Linux - NewbieThis Linux forum is for members that are new to Linux.
Just starting out and have a question?
If it is not in the man pages or the how-to's this is the place!
Welcome to LinuxQuestions.org, a friendly and active Linux Community.
You are currently viewing LQ as a guest. By joining our community you will have the ability to post topics, receive our newsletter, use the advanced search, subscribe to threads and access many other special features. Registration is quick, simple and absolutely free. Join our community today!
Note that registered members see fewer ads, and ContentLink is completely disabled once you log in.
If you have any problems with the registration process or your account login, please contact us. If you need to reset your password, click here.
Having a problem logging in? Please visit this page to clear all LQ-related cookies.
Introduction to Linux - A Hands on Guide
This guide was created as an overview of the Linux Operating System, geared toward new users as an exploration tour and getting started guide, with exercises at the end of each chapter.
For more advanced trainees it can be a desktop reference, and a collection of the base knowledge needed to proceed with system and network administration. This book contains many real life examples derived from the author's experience as a Linux system and network administrator, trainer and consultant. They hope these examples will help you to get a better understanding of the Linux system and that you feel encouraged to try out things on your own.
Click Here to receive this Complete Guide absolutely free.
I know this is probably a common question and i've searched the forums to read up on the subject. I have found a few articles mentioning squid and ssh tunnels. Before I go a bit further with tinkering with those, I wanted to get advice so that I am off in the right direction before I blow a lot of time. I want to set my home server up as a proxy to connect from work and browse in privacy. What's the best solution?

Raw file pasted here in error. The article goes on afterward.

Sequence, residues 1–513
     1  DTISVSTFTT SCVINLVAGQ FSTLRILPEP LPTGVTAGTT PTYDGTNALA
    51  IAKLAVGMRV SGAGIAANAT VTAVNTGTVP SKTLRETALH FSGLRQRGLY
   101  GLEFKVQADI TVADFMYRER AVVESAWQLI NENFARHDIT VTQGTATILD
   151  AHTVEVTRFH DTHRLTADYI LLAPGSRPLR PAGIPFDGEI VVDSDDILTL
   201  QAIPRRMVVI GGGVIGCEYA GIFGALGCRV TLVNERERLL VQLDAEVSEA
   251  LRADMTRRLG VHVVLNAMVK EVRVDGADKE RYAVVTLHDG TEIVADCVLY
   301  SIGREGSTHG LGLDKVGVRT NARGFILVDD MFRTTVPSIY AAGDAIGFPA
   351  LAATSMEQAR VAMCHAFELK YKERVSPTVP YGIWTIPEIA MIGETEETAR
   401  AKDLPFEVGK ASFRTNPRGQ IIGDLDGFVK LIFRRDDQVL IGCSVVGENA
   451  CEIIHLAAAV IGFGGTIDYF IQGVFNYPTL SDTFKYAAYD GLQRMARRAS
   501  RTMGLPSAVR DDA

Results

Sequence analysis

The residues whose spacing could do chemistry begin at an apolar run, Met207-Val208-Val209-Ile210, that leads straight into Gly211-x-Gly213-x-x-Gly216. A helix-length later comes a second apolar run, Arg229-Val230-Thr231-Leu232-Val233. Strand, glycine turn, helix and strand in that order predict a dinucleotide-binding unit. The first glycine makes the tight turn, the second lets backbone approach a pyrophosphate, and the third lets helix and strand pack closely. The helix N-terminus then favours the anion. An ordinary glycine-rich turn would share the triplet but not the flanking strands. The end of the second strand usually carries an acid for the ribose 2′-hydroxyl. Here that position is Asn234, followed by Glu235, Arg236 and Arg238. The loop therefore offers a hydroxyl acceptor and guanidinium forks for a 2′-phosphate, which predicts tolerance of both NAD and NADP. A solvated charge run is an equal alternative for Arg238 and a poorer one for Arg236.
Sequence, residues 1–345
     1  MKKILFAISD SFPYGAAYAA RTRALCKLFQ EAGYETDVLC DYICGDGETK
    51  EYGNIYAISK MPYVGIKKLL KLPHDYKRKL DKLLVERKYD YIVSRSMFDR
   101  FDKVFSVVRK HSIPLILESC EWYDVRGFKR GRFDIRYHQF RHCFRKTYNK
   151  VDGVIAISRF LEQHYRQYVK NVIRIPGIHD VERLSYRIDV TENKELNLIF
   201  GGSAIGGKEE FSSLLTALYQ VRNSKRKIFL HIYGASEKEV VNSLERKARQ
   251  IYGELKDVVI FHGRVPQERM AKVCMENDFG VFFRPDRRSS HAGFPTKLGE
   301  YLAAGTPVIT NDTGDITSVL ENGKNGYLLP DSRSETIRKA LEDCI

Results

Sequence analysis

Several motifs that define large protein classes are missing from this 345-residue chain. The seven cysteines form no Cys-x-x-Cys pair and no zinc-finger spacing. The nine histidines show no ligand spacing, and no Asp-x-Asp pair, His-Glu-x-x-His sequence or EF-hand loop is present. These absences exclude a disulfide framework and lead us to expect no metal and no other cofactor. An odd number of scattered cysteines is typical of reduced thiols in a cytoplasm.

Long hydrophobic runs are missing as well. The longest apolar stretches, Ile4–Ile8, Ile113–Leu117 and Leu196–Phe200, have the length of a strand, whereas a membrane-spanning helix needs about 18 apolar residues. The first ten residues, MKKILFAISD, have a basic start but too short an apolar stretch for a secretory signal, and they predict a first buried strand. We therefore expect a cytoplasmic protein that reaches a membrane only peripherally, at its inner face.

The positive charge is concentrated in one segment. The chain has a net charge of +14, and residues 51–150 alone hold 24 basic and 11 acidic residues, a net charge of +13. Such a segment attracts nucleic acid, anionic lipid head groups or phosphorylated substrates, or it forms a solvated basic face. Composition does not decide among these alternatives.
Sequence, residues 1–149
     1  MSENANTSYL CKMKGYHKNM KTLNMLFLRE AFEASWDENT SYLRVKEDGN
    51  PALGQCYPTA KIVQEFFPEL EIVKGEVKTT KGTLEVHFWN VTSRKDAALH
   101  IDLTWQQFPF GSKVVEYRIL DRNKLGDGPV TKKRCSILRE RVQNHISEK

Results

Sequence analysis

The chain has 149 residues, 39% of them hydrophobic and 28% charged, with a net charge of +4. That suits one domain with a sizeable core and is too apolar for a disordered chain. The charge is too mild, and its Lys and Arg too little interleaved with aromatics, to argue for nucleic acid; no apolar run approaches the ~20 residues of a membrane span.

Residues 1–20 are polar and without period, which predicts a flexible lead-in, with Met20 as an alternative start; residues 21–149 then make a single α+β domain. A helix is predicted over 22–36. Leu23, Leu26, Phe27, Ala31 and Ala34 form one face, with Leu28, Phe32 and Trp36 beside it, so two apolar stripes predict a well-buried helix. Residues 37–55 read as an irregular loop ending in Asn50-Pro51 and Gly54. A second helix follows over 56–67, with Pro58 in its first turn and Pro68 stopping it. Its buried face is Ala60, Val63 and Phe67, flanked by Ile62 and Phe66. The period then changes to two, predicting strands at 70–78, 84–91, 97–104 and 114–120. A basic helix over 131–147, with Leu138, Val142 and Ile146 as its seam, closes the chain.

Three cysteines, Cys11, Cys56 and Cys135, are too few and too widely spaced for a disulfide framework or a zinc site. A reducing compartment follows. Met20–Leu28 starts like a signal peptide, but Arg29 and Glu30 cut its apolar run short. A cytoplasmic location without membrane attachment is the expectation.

Distribution: Solaris 9 & 10, Mac OS X, Ubuntu Server
hmmm. You need to get another job. Otherwise you would be focusing on work when at work and saving the other stuff until you were at home.
Are you using a linux environment at home? At work? One approach would be to set up x11 tunneling through ssh and run an x browser at home. You have to configure the sshd.conf at home to allow x11 tunneling and you have to provide the command line options to ssh when you open your connection.
I've done this to run geological mapping software on a Solaris server and send the display back to my Mac desktop. You have to run an x11 environment on your desktop computer and ssh from that. For example, on my Mac, I launch x11, open xterm and ssh from within xterm (adding on the appropriate command line options). If I do that from the standard Mac OS X terminal application, it does not work. Others in my department have done the same from windows desktops using an x environment called hummingbird (commercial app) or from linux.
One thing to note if you start looking into x11: the terminology for server and client is backwards from what most people would think. Your desktop, running an x11 environment, is the x server, and your "server" or home machine, running the application that generates the display is the x client. It wants some place to send its display, and you are providing the place. So, from the x display perspective, you are the server.
So,that's one option, but you'll really have to tell us more about your home and work environments to get more explicit guidance.
And the companies policy on web-usage is .... ? I mean, it's not
just their band-width or potentially unacceptable content, it's
also the time they pay you for;
for me in my current position, using security advisories, freshmeat
and slashdot is pretty much part of my job description :} ... usage
of LQ (within limits) is permitted since it touches on my field of
work. But if my manager found me spending 4 hours a day on the web
I may get a stern talking to.
And all that said: we have a policy of not supporting activities
that breach legislation or contractual obligations. And what you're
asking for to me really smacks of it.